In the darkest days of the War, I was working with Jack Hewitt (Posh and Bourne Town), he was at the time guesting for Clapton (now Leyton) Orient in the South Regional League. He had written to Major Buckley, manager of Wolves, recommending me as promising (?). Major Buckley, who managed Wolves in the 1939 Cup Final was renowned for his youth policy and signed hundreds of youngsters. I was duly asked to present myself at Molineux to play for Wolves Reserves. Sounds exciting - but how do I get there? I knew no-one with a car, but anyway, petrol was rationed. I arranged to go by train. Getting up at 3.30 a.m. to walk to Peterborough East Station (about 1 and a quarter miles) and get the 4.30 a.m. train to Rugby. Trains stopped at every village station and I had to change trains at Rugby for Crewe, and then change again to get to Wolverhampton High Level where I arrived at around 12.30 p.m. In a strange place and my head in the clouds, I don’t think I ate anything, and made my way to Molineux. The stadium seemed to be in a hollow, and was vast, the dressing rooms were very spacious, I had never seen such grandeur. The playing kit was all laid out and an array of soft drinks on a table. Our match was against Rubery, Owen & Co, a major munitions producer in Darlaston, expected to be formidable opposition in this Birmingham League match. Wolves 1st team were playing away in the Midland Regional League, including the renowned Billy Wright.
In our team was 15 year old Cameron Buchanan who at that time held the record as the youngest player to play League football - 14., and two brothers named Crook, who also played in the 1st team. See newspaper article from the Daily Mail 26th December 2011, with Cameron Buchanan pictured.
Unbelievably, in the first minute of the game a cross came in from the left and running in, I breasted the ball into the net, having scored a goal without kicking a ball, and although we won 10-1, that was my most memorable contribution.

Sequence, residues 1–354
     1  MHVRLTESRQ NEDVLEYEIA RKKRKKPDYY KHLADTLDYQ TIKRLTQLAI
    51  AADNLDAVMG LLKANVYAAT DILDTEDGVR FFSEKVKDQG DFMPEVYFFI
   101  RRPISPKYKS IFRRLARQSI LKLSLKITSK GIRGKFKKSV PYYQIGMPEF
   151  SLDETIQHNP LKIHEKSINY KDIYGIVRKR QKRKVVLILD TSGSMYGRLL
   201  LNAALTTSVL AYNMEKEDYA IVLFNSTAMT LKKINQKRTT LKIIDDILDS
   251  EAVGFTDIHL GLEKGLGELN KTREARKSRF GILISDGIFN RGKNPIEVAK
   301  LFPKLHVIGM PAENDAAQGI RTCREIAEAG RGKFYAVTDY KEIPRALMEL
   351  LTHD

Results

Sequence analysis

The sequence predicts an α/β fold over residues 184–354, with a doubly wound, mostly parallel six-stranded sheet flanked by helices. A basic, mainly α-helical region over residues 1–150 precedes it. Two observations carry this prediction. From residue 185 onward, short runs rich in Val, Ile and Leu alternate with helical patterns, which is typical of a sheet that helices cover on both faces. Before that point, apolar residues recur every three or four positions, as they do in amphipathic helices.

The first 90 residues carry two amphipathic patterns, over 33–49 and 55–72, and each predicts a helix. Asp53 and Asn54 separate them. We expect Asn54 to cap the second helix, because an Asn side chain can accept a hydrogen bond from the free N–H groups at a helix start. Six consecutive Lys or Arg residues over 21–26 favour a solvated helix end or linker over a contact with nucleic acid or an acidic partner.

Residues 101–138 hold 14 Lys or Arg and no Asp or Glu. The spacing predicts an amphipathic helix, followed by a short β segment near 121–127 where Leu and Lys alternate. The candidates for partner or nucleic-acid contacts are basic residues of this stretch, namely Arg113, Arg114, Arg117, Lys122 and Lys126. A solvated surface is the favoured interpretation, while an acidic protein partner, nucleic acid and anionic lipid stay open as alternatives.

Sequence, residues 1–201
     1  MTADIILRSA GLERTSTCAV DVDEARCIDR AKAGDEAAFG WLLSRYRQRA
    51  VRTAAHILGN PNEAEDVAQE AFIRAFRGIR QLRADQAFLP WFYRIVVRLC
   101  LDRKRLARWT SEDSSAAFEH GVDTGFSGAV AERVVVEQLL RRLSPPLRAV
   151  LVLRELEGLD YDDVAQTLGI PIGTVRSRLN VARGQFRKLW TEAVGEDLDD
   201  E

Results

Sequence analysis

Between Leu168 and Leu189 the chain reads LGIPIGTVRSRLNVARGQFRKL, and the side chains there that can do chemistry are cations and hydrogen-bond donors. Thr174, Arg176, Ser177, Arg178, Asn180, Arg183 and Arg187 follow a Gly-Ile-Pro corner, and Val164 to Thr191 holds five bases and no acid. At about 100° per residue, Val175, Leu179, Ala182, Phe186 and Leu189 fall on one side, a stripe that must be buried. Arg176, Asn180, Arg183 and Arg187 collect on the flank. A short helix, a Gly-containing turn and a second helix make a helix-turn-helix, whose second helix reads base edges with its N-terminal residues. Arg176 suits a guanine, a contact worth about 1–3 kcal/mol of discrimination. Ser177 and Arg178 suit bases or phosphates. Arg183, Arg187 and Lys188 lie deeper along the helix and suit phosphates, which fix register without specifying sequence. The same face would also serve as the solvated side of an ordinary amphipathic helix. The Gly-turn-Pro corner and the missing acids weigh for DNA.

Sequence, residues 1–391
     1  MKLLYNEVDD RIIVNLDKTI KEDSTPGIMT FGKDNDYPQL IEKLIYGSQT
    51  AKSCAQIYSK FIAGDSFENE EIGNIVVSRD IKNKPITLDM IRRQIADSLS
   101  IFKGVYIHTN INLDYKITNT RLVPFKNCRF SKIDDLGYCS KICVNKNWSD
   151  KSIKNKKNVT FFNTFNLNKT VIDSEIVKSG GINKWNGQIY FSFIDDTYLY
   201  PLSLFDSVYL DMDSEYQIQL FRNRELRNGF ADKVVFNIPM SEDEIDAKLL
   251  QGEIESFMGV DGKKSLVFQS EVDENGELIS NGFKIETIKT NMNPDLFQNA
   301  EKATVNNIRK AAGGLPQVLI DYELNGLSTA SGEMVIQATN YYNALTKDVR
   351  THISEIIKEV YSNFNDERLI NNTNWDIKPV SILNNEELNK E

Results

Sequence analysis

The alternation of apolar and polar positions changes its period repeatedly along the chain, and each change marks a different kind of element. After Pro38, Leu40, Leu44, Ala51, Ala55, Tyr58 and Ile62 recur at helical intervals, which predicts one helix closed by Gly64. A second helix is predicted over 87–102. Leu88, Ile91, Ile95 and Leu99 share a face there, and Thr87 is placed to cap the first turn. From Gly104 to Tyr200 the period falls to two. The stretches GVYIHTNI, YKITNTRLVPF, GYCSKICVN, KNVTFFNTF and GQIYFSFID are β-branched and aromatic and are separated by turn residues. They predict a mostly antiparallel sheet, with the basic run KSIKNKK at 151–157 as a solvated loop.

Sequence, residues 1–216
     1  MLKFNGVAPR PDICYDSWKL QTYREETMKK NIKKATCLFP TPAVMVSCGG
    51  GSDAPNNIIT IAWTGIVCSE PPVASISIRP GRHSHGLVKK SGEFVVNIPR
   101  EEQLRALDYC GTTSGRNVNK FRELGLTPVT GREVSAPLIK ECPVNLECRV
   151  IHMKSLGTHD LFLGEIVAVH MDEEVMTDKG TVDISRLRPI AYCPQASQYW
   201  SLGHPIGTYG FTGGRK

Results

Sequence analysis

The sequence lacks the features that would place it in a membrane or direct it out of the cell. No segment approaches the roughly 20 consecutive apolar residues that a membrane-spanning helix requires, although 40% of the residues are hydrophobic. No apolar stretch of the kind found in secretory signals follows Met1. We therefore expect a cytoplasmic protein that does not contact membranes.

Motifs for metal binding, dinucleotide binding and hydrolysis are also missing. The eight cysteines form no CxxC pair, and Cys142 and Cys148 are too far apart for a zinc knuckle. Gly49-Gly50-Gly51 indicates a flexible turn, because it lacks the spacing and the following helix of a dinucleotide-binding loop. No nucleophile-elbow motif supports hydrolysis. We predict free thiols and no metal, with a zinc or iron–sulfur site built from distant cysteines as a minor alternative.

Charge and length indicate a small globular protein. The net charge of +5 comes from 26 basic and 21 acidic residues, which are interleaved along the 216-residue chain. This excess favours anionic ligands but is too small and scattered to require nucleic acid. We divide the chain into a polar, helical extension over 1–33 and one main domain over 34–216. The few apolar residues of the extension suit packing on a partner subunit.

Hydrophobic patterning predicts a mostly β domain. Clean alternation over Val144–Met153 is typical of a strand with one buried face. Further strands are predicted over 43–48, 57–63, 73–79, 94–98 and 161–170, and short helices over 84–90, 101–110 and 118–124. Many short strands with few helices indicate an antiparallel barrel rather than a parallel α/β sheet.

It was midnight when I arrived home, over 20 hours since I left. I think I received about £2 expenses - almost a week’s wages!
Posh Reserves, injury and the end of the war
In 1944 season I played a couple of games for Posh Reserves and then suffered a torn cartilage. I had 6 months of diagnosis and examinations by Mr Noel Smith, then the Orthopaedic surgeon at Peterborough Memorial Hospital.
I was called up for army service early 1945 and posted to Brittannia Barracks, Norwich - what a shock to the system!! Running in a vest and shorts on Mousehold Heath, a winter morning, and before breakfast.
However, before my 6 weeks initial training was completed it was agreed that I needed an operation on my knee. So, off to Colchester Military Hospital for the removal of a cartilage in my right knee. I had the operation and after 4 weeks was sent to Stansted Hall for recuperation, and just before completion of this process, Germany surrendered.
Everyone was celebrating, we clambered aboard a Benskins Brewery lorry going to nearby Bishops Stortford. In Hospital Blue, white shirts and red ties we thought hero worship would come our way, but alas, it was recognised that hospital patients should not be served alcohol, and most publicans observed these rules. However, the demand was such that there were not enough glasses available, and people were going from pub to pub carrying their glass - until the beer ran out!
With Stansted making room for the war wounded to recuperate I was posted to Kempston Barracks, Bedford, for rehabilitation. This was nearer home and when passes were available I could get home by hitch-hiking, motorists would usually stop for service personnel. A short move across the road to Grange Camp and then on to Bradford, a re-assembly unit of odds and sods, ex-convicts, ex-Army prisoners, deserters, ex-conscientious objectors, and like myself, ex-army hospital patients separated from their original units.
I survived my 6 weeks at Bradford (just), during which time the atom bomb was dropped and great celebrations went on, particularly in Forster Square where the Police Band played to the crowds. I watched Bradford Park Avenue v Newcastle (2nd Division). Bradford included Ron Greenwood, later to manage England, whilst the great Len Shackleton performed for Newcastle. Our Army Physical Training was carried out at Valley Parade, the home of Bradford City.